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  cairo_region_t *clip_region;
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  PangoRectangle logical_rect;
  gint baseline;
  gint i;

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  line = pango_layout_iter_get_line_readonly (iter);
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  clip_region = cairo_region_create ();
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  pango_layout_iter_get_line_extents (iter, NULL, &logical_rect);
  baseline = pango_layout_iter_get_baseline (iter);

  i = 0;
  while (i < n_ranges)
    {  
      gint *pixel_ranges = NULL;
      gint n_pixel_ranges = 0;
      gint j;

      /* Note that get_x_ranges returns layout coordinates
       */
      if (index_ranges[i*2+1] >= line->start_index &&
	  index_ranges[i*2] < line->start_index + line->length)
	pango_layout_line_get_x_ranges (line,
					index_ranges[i*2],
					index_ranges[i*2+1],
					&pixel_ranges, &n_pixel_ranges);
  
      for (j = 0; j < n_pixel_ranges; j++)
        {
          GdkRectangle rect;
	  int x_off, y_off;
          
          x_off = PANGO_PIXELS (pixel_ranges[2*j] - logical_rect.x);
	  y_off = PANGO_PIXELS (baseline - logical_rect.y);

          rect.x = x_origin + x_off;
          rect.y = y_origin - y_off;
          rect.width = PANGO_PIXELS (pixel_ranges[2*j + 1] - logical_rect.x) - x_off;
          rect.height = PANGO_PIXELS (baseline - logical_rect.y + logical_rect.height) - y_off;

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          cairo_region_union_rectangle (clip_region, &rect);
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        }

      g_free (pixel_ranges);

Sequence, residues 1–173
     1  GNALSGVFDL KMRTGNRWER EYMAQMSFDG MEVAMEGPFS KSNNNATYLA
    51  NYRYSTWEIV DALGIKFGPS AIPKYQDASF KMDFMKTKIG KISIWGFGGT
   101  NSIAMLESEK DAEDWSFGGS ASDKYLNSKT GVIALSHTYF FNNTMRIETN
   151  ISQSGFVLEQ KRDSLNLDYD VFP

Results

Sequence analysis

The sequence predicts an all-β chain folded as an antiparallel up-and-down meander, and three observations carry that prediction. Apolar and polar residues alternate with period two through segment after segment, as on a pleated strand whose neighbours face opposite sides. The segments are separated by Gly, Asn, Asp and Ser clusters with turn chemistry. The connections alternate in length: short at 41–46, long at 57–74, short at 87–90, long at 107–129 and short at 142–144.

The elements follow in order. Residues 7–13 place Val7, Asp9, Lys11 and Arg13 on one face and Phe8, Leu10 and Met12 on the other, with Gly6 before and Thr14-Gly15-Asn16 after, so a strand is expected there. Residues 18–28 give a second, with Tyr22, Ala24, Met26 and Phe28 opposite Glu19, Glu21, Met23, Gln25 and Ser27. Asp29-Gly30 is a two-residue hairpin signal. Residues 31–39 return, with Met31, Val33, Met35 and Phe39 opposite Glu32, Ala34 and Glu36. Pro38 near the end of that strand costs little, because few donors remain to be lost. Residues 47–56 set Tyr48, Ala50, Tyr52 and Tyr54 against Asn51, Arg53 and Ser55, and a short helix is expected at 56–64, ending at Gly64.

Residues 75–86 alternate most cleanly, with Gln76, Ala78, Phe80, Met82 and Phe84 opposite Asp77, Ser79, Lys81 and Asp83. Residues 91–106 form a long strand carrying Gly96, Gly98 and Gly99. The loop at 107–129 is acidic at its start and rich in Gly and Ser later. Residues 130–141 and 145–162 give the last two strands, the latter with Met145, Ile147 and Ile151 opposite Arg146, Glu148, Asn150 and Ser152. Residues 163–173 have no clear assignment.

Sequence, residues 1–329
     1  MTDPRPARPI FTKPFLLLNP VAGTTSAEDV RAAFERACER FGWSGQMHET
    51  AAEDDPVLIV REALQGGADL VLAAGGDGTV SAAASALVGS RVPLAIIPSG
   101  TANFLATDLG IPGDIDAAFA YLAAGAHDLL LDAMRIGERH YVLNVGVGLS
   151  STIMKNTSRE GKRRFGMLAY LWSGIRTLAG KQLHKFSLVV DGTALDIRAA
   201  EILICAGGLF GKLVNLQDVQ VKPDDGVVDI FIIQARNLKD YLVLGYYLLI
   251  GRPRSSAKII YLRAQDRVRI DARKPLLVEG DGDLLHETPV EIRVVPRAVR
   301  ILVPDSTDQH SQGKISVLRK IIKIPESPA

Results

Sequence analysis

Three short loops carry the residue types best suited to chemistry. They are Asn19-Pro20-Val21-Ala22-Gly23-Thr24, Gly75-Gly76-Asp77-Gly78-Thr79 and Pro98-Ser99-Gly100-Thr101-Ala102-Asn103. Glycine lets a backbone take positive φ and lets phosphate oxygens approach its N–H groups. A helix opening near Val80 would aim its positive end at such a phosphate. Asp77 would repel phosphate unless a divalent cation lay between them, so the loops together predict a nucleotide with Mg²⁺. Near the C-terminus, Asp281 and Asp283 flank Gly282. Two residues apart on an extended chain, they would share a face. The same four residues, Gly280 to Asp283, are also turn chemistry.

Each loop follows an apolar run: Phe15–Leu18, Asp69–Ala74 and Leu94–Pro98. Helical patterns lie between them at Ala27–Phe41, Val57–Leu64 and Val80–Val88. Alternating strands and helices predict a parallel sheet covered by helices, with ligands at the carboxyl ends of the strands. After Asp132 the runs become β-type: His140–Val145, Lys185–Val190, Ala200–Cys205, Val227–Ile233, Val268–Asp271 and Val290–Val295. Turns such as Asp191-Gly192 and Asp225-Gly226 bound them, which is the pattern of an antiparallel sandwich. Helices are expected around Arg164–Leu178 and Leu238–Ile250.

++i;
    }
  return clip_region;
}
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/**
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 * gdk_pango_layout_line_get_clip_region: (skip)
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 * @line: a #PangoLayoutLine 
 * @x_origin: X pixel where you intend to draw the layout line with this clip
 * @y_origin: baseline pixel where you intend to draw the layout line with this clip
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 * @index_ranges: (array): array of byte indexes into the layout,
 *     where even members of array are start indexes and odd elements
 *     are end indexes
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 * @n_ranges: number of ranges in @index_ranges, i.e. half the size of @index_ranges
 * 
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 * Obtains a clip region which contains the areas where the given
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 * ranges of text would be drawn. @x_origin and @y_origin are the top left
 * position of the layout. @index_ranges
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 * should contain ranges of bytes in the layout’s text. The clip
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 * region will include space to the left or right of the line (to the
 * layout bounding box) if you have indexes above or below the indexes
 * contained inside the line. This is to draw the selection all the way
 * to the side of the layout. However, the clip region is in line coordinates,
 * not layout coordinates.
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 *
 * Note that the regions returned correspond to logical extents of the text